So what do commercial car wash facilities have that we don't have at home?  They have big tanks under the ground (which our yard is a substitute for) that collects the water that was used while your vehicle is being washed.  That's where the water goes when it goes down the holes in bay there (see the blue arrow at right).  The dirty water is collected and filtered and then either released into the City's waste water system, so that it can go to the waste water treatment plant to be cleaned up.  Or in the cases of newer car washes, the water is captured, cleaned up, and reused again.

This is important--this is why commercial car washes are allowed to continue business during drought restrictions.  They are reusing water, and they are helping protect the waterways by sending water to the waste water plant, rather than the storm sewer.

They don't actually use as much water as the perception is either.  An efficient automatic, drive-thru type of car wash facility uses around 30-50 gallons per vehicle.  That's less than some clothes washers use!  Studies show that at home, we use around 100 gallons to wash one car.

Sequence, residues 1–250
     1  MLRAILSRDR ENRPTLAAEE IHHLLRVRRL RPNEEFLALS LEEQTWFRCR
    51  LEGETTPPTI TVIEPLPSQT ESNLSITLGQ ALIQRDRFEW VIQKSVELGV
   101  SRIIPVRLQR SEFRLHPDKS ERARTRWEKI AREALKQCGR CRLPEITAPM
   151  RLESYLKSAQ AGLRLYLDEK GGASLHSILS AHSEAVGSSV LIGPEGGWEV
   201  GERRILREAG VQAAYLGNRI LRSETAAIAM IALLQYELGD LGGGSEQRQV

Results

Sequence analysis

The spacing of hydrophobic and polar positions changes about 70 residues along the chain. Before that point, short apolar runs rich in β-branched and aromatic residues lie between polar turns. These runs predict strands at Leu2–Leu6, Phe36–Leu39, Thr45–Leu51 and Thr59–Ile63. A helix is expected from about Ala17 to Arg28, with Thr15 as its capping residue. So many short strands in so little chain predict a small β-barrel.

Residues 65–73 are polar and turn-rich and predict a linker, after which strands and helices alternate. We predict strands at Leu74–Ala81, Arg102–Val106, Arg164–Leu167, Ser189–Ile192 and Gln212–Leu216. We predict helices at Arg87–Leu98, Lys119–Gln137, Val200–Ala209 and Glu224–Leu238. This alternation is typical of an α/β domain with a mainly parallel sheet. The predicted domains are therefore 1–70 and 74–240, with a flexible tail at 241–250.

So, please use the best judgment when it comes to keeping your car clean and protecting our water.       

         

Water Workshops at Home Depot

April 22 marks Earth Day each year.  This year you can help make your home a little more earth-conscious by attending a free water conservation seminar at Home Depot here in Round Rock. 

Here's an announcement about the event:  On Saturday, April 26, from 10:00 to 11:30 a.m, The Home Depot will host free Water Conservation Workshops at all of its 1,977 U.S. stores. This is a nationwide effort to educate and empower residents across the country to improve water efficiency inside and outside the home.  The announcement of the workshops is one of several measures the company is taking to assist homeowners where many face water restrictions due to current dry conditions.

Workshops will cover water-saving home improvement projects which help conserve the most water, including replacing fixtures with more efficient U.S. Environmental Protection Agency (EPA) WaterSense labeled toilets, showerheads, and faucets. Workshops will also include outdoor water-saving options, such as installing drip irrigation, rotary nozzle or dual-spray sprinklers, and WaterSense labeled irrigation controllers.  In 2013, customers of The Home Depot saved 42.5 billion gallons of water through the purchase of WaterSense labeled products.